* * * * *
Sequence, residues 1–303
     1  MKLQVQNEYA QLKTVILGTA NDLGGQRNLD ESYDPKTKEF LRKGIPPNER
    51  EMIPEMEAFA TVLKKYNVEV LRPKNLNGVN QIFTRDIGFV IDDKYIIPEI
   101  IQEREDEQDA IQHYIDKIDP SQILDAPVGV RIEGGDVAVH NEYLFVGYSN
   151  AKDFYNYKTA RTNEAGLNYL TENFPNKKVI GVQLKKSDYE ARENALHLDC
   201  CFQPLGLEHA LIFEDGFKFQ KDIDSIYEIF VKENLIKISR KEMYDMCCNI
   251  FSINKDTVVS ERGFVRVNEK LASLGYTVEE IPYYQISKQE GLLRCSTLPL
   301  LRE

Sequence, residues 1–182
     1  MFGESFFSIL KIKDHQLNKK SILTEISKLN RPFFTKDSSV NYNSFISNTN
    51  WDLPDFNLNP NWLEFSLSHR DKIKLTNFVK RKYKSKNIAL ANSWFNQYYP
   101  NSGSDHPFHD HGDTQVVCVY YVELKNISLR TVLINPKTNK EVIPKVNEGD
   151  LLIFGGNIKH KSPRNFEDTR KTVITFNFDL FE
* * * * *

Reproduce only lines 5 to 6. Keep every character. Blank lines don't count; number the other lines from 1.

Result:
   151  AKDFYNYKTA RTNEAGLNYL TENFPNKKVI GVQLKKSDYE ARENALHLDC
   201  CFQPLGLEHA LIFEDGFKFQ KDIDSIYEIF VKENLIKISR KEMYDMCCNI